Category Archives: Punctuation

Proofing Your Own Writing

dental careAs a copyeditor, I receive manuscripts in various conditions. On occasion, I can tell that an author has gone back and read what he or she wrote, making some refinements. Such authors are like diligent dental patients, brushing and flossing before reclining in the hygienist’s chair—where torturous tools will be used to get those whites pearly. (I’m the ruthless dental hygienist in this scenario.) More often, I know I am in possession of a true first draft: the author has keyed the content and never looked at it again, perhaps assuming that a professional would follow behind, making the words shine. Such authors have done the equivalent of downing a bag of Cheetos in the dentist’s waiting room. But at least they’re in the right place to get the help they need.

Think of all the writing you do that isn’t reviewed by an editor—e-mails, letters, agendas, reports, blog posts, social media posts, etc. These communications reflect on you, and possibly your company, yet how carefully do you check them? Admittedly, seeing mistakes in your own writing can be difficult—and, while spell-check is a handy tool, it misses things. Comparing your compositions against this brief checklist can save you from a good number of linguistic missteps:

  1. Read what you have written. Make sure you have conveyed your points clearly and succinctly.
  2. Eliminate erroneous capitalization. Generally speaking, capitals are used for the first word after a period and for proper nouns. If you aren’t sure whether a word is a proper noun, consult Merriam-Webster. Here’s a cheat sheet of items that should be lowercase, unless they contain a proper noun: animals, foods, medical conditions, seasons, compass points, and general academic subjects. Capital letters are not used for emphasis. See my earlier post for additional capitalization errors.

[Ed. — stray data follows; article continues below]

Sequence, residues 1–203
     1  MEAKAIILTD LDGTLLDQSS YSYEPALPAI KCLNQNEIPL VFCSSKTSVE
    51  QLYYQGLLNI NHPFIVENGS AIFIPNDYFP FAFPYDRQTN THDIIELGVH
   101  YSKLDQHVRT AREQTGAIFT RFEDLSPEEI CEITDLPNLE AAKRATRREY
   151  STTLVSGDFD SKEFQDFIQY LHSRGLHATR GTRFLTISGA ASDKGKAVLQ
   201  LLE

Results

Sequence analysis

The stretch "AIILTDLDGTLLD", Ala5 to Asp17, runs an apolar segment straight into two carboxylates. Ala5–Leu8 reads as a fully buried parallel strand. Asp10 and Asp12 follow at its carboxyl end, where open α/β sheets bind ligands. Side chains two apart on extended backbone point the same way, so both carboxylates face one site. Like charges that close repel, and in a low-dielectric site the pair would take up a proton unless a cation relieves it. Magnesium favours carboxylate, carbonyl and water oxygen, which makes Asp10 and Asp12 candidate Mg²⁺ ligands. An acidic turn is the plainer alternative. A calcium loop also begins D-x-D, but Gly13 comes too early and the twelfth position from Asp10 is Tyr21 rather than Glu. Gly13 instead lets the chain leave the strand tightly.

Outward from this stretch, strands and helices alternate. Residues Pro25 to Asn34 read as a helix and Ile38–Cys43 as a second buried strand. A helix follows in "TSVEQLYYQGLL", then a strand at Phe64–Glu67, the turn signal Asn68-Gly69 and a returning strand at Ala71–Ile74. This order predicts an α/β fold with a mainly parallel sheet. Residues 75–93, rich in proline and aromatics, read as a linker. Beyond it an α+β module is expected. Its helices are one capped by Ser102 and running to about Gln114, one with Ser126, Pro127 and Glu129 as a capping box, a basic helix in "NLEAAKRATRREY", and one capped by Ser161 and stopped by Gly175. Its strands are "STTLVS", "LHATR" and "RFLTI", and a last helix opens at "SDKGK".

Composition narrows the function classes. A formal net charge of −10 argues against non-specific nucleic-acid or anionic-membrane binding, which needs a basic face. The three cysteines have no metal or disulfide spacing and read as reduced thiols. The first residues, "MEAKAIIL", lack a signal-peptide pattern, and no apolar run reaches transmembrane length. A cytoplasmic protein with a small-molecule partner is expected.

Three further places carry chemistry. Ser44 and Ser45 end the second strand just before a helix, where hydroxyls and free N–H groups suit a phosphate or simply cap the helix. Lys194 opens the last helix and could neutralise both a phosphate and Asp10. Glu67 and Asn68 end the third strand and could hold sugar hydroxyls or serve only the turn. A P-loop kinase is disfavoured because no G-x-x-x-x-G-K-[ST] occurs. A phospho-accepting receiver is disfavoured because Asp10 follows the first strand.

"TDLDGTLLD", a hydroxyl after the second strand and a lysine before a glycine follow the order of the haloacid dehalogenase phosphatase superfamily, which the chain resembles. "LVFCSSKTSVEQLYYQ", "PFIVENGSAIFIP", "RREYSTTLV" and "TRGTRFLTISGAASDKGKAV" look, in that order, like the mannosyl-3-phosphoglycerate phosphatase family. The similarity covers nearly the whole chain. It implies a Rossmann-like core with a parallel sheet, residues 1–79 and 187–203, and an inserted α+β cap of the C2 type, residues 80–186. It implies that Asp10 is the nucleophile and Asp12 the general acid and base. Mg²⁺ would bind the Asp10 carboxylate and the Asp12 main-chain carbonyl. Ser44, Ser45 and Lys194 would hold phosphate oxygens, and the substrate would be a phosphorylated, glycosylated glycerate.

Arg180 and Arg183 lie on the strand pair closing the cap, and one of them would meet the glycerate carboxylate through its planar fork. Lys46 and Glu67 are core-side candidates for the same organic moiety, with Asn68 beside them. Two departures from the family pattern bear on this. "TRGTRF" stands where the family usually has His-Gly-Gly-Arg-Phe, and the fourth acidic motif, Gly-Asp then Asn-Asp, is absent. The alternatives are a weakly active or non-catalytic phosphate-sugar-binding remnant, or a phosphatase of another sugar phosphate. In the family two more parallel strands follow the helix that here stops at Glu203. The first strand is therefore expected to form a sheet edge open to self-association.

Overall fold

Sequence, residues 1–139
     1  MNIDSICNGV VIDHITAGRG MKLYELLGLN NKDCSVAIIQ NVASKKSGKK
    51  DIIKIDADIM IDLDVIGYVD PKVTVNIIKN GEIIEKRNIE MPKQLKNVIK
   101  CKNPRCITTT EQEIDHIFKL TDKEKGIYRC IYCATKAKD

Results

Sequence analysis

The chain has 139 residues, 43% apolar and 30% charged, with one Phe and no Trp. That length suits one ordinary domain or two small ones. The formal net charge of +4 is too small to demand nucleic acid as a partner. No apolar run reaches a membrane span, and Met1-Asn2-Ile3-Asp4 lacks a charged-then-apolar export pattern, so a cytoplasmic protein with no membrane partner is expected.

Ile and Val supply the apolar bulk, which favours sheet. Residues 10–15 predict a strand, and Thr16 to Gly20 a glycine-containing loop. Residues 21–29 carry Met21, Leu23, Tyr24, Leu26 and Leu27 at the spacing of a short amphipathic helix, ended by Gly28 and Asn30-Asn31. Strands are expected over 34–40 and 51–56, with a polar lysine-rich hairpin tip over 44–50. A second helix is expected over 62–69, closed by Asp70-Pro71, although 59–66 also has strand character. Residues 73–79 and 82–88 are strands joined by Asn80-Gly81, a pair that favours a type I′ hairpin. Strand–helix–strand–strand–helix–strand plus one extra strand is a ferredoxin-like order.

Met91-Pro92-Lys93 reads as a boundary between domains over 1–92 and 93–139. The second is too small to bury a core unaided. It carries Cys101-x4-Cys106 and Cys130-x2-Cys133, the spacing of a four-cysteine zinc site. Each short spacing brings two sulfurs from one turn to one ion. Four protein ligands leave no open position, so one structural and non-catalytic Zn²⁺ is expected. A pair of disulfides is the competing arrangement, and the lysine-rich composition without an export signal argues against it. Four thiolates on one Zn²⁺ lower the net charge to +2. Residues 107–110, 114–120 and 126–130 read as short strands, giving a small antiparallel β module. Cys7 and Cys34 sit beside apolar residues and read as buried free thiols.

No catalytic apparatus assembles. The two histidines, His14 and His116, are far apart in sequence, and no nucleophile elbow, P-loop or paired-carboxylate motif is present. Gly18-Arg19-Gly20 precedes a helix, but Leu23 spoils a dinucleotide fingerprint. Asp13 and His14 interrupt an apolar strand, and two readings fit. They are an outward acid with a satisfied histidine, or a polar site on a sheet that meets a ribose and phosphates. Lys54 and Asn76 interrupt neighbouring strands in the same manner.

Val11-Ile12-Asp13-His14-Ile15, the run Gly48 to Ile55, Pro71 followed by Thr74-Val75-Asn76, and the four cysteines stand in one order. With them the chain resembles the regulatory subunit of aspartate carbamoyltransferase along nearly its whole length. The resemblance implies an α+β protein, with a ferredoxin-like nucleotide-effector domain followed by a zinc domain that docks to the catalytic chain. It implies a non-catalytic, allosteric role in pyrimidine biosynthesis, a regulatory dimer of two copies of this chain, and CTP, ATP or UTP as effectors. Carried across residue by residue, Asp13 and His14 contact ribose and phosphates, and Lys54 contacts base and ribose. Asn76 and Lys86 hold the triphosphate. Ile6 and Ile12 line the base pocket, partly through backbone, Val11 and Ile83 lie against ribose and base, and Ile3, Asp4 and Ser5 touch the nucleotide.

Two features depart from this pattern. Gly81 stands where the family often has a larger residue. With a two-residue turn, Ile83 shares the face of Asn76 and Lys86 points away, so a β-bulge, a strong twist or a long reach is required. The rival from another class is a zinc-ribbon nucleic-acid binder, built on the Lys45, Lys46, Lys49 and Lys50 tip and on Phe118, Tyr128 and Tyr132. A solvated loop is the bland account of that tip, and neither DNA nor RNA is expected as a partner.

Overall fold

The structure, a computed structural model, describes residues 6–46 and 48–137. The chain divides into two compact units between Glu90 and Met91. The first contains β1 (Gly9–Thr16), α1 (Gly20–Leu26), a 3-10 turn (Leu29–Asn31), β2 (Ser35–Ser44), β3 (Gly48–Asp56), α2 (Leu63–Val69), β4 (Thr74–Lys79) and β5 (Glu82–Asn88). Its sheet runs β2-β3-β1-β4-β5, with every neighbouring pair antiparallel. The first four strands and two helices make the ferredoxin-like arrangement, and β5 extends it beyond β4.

3. Ensure the proper use of tricky homophones. Homophones are words that sound the same but have different meanings. You know the ones I mean: your and you’re; their, there, and they’re; to, too, and two. I think it’s easy for your fingers, poised on the keyboard, to “hear” the wrong word as they take dictation from your brain. Here are some additional examples to watch out for: cite, sight, and site; for, fore, and four; rain, reign, and rein; palate, palette, and pallet; peak, peek, and pique; and right, rite, wright, and write.
  4. Delete apostrophes in plurals. Most nouns form their plural by adding or—if they end in chjsshx, or z—by adding es. I know of only one case in which the plural of a noun is formed by adding an apostrophe before the s: for single lowercase letters. For example: “There are two c’s in cupcake.” See my earlier post for more on the subject.
  5. Change two spaces between sentences to a single space. Double-spacing between sentences suggests that you came of age in the era of the manual typewriter. Breaking this lifelong habit can be hard, especially as the life has been so long.

There’s one more thing, and I would consider it a personal favor: in your e-mails, after “Hi,” always use a comma to set off the recipient’s name (for example, “Hi, Thomas.”).

The use of commas to set off nouns of direct address is a sign of a truly refined character.

Winky Face: Rebirth of the Semicolon